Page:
these kinds of people who I never would have reached
out to if I didn’t have social media. Hey, guys, welcome to my
channel. My name is Cayla Harder, and I’m going to tell you a little
bit about my life with alopecia. I thought my dating life
would definitely be limited. I didn’t really put
myself out there a lot and I was really scared to kind of get
into any kind of intimate relationships. It was really hard for me to,
to love myself. But now it feels like
people almost love me more, because of my shaved head. You know, I just kind of radiate
a different sense of confidence, and with a bald head that I
couldn’t do with a full head of hair. Joel: There’s so many things that
Cayla that makes me like proud to be here with her and
proud to be her boyfriend. You know, hair for women is such like a,
like a personal thing. So when she goes out bald and public,
like, you know, she’d be on my arm
and I would just I love it. I’d be smiling. I’d be
radiant. I, I love her to death. Cayla: The first time I
came out to anybody who wasn’t a part of
my close friend group, was to an English teacher
that I was really close with. She had offered to help me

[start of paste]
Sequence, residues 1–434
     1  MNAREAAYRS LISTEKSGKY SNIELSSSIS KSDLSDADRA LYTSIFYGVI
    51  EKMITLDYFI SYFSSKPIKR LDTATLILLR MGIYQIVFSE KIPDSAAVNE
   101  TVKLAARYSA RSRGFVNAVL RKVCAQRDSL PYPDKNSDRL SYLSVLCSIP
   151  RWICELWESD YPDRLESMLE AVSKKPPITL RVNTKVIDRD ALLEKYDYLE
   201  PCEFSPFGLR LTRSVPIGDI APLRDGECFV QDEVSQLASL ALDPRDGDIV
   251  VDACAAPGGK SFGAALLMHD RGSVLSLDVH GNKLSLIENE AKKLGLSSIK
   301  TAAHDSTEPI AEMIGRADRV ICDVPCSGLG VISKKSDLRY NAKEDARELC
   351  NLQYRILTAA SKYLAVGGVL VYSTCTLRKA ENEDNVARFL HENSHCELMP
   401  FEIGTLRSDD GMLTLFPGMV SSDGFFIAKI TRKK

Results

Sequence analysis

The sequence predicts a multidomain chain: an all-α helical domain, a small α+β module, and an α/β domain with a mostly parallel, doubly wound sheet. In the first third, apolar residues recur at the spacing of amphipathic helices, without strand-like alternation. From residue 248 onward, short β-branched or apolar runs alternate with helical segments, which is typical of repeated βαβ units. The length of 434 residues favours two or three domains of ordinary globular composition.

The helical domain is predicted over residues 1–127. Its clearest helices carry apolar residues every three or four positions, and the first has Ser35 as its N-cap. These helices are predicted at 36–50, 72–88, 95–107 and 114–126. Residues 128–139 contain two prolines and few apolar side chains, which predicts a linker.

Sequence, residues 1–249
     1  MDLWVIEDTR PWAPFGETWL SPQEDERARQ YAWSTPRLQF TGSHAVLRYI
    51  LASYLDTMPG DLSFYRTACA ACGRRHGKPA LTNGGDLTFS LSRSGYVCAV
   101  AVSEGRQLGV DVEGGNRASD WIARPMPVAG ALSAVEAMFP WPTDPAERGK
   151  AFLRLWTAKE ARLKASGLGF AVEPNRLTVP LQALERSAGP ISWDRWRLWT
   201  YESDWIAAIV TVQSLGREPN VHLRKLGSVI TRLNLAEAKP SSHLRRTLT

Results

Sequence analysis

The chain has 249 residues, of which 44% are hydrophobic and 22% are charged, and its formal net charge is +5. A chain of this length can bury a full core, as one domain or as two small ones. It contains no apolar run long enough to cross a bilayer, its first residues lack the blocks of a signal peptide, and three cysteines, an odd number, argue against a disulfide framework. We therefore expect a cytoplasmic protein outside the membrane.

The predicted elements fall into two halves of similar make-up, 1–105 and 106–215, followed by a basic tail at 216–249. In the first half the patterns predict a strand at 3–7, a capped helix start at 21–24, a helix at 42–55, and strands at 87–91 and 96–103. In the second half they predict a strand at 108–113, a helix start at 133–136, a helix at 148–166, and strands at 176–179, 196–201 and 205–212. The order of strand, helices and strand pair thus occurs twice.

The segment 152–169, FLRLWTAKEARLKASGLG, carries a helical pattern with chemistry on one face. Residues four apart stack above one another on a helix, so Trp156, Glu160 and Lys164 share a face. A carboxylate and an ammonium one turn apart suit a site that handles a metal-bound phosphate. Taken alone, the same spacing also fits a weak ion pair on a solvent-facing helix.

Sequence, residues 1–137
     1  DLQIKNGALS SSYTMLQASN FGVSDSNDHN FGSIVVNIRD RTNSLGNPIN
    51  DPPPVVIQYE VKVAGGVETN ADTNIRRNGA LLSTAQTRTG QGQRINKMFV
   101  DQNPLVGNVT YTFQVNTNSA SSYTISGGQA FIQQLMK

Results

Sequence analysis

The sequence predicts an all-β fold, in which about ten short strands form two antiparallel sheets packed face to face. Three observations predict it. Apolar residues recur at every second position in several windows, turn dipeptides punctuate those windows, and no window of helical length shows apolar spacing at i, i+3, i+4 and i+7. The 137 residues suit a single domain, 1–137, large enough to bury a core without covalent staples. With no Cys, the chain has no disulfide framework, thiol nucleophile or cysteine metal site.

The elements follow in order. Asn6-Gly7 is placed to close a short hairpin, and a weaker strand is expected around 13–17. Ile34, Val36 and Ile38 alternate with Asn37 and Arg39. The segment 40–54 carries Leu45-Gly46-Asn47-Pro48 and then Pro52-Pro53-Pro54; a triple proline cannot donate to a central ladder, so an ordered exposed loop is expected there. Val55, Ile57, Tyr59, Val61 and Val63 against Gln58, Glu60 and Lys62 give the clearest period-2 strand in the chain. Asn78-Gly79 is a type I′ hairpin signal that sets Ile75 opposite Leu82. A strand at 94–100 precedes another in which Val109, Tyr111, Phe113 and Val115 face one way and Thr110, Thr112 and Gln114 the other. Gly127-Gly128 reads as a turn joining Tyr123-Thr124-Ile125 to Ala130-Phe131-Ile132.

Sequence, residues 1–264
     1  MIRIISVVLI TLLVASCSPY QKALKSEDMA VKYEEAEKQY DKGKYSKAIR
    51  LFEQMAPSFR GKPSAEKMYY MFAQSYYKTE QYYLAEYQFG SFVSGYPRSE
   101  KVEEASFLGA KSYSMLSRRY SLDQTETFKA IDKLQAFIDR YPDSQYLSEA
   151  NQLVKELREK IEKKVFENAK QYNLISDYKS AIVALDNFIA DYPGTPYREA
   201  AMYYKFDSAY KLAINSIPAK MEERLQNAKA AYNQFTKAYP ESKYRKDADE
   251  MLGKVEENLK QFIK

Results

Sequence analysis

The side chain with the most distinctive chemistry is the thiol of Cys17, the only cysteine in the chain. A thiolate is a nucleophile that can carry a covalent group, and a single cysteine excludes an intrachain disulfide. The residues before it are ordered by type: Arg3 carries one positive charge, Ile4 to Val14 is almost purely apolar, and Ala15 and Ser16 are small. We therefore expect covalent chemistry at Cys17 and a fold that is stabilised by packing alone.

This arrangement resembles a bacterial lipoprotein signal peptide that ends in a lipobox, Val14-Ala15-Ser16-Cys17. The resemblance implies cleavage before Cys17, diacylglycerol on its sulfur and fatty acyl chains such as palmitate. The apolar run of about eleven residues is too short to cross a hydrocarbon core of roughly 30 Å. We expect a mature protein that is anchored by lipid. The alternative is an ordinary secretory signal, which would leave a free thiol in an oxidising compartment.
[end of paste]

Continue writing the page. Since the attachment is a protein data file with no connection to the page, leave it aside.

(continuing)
with my personal statements that I was sending to college. That’s how she really
found out that I had alopecia. Kelly: Do you remember writing this?
Cayla: Oh, God, it was a,
seemed like a while ago. Kelly: It was a while ago.
Cayla: Let me see. Being a 16, 17 year old girl with
once gorgeous, thick and long hair, to just patches of hair was
indescribably devastating. I felt like I lost all
sense of my femininity, and I struggled with depression
and the feeling of utter loneliness. But with the help of
my friends and family, I overcome the
emotional obstacles. Kelly: I always thought you
were so beautiful and so smart. When you’re reading this,
to me it makes my heart hurt for you. Cayla: Yeah.
Kelly: But I’m so glad who you are now. I mean I’m so happy that
you’ve gotten so past it, and that you’ve taken what
could be difficult and embraced it. Cayla: I got there,
but it took a long time to you know, to get from where I
was in high school. Like when you knew me to like
where I am now where I’m like, yeah, I’m bald and I’m sexy like, you know.
Kelly: Like thinking about it. I want people to learn that
alopecia is not debilitating, and it’s not a disease that
can take over your entire life. The worst thing you can
say to someone with alopecia, are you sick? Do
you have cancer? it’s literally just something that
can take your hair away and that’s it. Now I’m just owning
it, living in my own skin and embracing who I am. My message to people
who look different is to embrace every
single ounce of it. And to just really let
it shine through you, because life is way
too short to be hiding, so you might as
well love yourself. I think alopecia is something
that is empowering for me. It, it just showed me
a strength in myself that I never knew I had before.